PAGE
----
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Mets: Why the Robinson Cano injury is a blessing in disguise

NEW YORK, NEW YORK - APRIL 28: Robinson Cano #24 of the New York Mets reacts after getting hit on a foul tip in the first inning against the Milwaukee Brewers at Citi Field on April 28, 2019 in the Flushing neighborhood of the Queens borough of New York City. (Photo by Michael Owens/Getty Images)
NEW YORK, NEW YORK - APRIL 28: Robinson Cano #24 of the New York Mets reacts after getting hit on a foul tip in the first inning against the Milwaukee Brewers at Citi Field on April 28, 2019 in the Flushing neighborhood of the Queens borough of New York City. (Photo by Michael Owens/Getty Images)
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Robinson Cano was just starting to heat up before hitting the IL for possibly the remainder of 2019. Despite losing him for an extended period of time, his loss may be a blessing in disguise for the New York Mets.

Robinson Cano is an 8-time all-star, a 5-time silver slugger, a 2-time Gold Glove winner, and a top 10 MVP finisher 6 different times. Despite going into his age 36 season, the New York Mets thought they would be able to get part of the Cano that won all these rewards.

Cano got off to a dreadful start to the year this season. From the start of the season up to the All-Star Break, Cano hit .240, had a .287 OBP, slugged a dreadful .360, hit 4 home runs, and only drove in 18 runs in 65 games.

The second half of the season is a different story. Cano got off to a hot second half before getting hurt. In 21 games he was hitting .289, with a .318 OBP, a .578 slugging percentage, with 6 home runs and 14 RBI.

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Even though Cano was hot in a small sample size in the second half, and there is a reason to believe he would have continued his hot stretch, it is arguably a good thing he got hurt. Cano’s injury opens the door to other players, younger and arguably better.

Earlier in the season when Cano was struggling heavily, he was still playing every day. Even though Cano was hot recently and could keep it up to an extent, if he did cool off you know he would be in the lineup and weighing it down because he did earlier in the year too. The Mets are now forced to shake up the lineup and give other players a chance with him injured.

Joe Panik, who was designated for assignment right around the same time Cano was injured, was able to be brought in as a result. Panik is a former All-Star and Gold Glove winner, and he is only 28 years old. Panik has struggled a bit this year, but he is also still relatively young and is under contract for 2020 through arbitration.  Not to mention, Panik is also from the area, growing up in New Jersey and attending college at St. Johns University in Queens.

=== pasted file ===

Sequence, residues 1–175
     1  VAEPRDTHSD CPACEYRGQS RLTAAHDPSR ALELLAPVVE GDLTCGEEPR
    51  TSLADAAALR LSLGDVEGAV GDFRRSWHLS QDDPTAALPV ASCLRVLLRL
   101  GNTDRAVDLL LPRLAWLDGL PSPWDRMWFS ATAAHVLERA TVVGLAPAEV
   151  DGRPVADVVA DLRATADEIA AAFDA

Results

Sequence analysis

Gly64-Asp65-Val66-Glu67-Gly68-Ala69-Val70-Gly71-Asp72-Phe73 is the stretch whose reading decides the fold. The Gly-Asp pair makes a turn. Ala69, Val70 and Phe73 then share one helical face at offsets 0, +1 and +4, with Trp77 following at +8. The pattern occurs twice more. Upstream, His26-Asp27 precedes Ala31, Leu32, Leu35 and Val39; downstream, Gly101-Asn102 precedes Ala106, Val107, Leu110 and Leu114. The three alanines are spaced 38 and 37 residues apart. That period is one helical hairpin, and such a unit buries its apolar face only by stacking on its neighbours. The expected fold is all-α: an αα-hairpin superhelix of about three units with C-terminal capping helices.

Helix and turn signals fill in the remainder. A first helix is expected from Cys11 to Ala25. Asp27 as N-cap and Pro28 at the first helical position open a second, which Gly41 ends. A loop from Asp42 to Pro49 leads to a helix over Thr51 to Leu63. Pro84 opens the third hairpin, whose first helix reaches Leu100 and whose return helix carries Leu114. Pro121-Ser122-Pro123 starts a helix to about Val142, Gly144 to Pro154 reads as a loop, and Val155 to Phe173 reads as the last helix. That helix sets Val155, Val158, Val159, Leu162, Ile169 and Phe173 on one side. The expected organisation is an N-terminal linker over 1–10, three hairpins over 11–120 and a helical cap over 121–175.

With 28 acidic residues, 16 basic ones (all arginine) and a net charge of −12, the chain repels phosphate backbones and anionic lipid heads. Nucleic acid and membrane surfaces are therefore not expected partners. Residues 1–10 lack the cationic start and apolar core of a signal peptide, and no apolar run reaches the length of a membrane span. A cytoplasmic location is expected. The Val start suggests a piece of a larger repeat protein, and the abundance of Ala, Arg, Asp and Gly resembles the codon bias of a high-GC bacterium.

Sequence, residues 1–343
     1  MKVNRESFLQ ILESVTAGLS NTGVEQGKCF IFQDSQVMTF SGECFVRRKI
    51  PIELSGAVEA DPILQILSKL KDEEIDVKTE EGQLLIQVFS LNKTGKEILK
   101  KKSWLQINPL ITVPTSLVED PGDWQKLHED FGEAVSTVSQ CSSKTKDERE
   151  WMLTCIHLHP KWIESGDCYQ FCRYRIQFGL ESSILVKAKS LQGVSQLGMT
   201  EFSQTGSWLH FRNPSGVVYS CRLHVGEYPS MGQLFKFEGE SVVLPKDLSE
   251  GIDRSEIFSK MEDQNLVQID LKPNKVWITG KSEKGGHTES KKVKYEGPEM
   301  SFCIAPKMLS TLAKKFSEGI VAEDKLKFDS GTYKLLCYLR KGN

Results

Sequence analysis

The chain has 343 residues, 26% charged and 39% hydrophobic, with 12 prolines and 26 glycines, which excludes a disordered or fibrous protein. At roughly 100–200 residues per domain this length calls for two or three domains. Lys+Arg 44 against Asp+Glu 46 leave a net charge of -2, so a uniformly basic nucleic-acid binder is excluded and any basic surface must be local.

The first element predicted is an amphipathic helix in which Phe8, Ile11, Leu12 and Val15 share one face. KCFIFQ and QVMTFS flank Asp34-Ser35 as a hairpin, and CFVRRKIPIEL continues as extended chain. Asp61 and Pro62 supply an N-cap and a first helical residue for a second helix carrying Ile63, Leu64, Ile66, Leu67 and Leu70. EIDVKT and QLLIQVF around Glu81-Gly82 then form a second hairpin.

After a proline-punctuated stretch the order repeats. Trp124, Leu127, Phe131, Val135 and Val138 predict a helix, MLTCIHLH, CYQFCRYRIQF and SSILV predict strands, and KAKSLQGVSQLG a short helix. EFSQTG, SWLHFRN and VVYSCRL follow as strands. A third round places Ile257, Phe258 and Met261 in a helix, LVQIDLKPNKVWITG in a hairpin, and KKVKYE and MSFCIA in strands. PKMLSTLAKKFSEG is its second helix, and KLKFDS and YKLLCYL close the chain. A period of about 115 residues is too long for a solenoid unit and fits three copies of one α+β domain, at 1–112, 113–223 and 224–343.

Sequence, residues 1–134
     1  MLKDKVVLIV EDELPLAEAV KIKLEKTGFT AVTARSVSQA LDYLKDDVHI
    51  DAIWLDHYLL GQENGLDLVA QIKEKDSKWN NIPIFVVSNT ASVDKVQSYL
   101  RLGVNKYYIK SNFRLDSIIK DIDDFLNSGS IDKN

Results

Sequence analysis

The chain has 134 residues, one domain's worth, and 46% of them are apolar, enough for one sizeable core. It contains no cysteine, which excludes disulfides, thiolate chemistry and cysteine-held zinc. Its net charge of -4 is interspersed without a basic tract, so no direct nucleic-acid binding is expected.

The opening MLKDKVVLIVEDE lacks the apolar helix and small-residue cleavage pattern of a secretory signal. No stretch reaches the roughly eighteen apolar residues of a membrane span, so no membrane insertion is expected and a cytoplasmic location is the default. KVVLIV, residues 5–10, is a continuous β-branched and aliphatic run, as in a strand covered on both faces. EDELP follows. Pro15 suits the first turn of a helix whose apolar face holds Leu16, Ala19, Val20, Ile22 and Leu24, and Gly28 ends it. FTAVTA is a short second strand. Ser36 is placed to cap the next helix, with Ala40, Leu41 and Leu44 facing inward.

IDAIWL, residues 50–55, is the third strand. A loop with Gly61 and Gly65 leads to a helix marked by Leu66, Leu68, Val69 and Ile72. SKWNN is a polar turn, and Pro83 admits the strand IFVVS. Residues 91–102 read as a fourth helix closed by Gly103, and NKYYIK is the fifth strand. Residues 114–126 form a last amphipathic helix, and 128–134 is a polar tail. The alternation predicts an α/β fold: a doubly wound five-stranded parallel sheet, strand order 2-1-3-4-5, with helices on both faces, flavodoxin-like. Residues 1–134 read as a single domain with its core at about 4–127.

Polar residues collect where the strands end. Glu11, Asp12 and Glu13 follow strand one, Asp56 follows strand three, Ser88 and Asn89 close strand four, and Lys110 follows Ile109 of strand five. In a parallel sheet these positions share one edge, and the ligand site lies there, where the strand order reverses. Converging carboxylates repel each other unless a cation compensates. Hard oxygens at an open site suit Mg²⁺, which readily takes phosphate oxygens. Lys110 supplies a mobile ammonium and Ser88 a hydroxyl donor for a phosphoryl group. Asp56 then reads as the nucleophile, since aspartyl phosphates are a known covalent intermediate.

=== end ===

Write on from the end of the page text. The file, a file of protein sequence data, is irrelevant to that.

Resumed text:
If the Mets can get part of the old Panik the deal would be a steal, they would be getting a top defender and a career .270 hitter, which is not bad at all. In a small sample size, he has been pretty good for the Mets so far, hitting .333 in 9 games and 29 at-bats.

The Cano injury also opens the door for Jeff McNeil to slide back into his natural position, second base. McNeil has been playing the outfield this year due to multiple injuries out there and an overflow of infielders. Moving McNeil back to second would make the team significantly better defensively with McNeil back at a position he is more natural at, and it allows the team to put a natural outfielder in the outfield to replace McNeil.

McNeil got hurt not too long after Cano did, but McNeil isn’t expected to be out too long. There is a chance Cano doesn’t return this year so when McNeil does return, he can split time in the outfield with a natural outfielder and at second with Panik.

If Cano does come back later this season, he will more than likely be starting at second base every day going forward. Panik would presumably be moved to the bench and could be a pretty good pinch hitter assuming he plays to at least his career average, and he could serve as a late-game defensive replacement.

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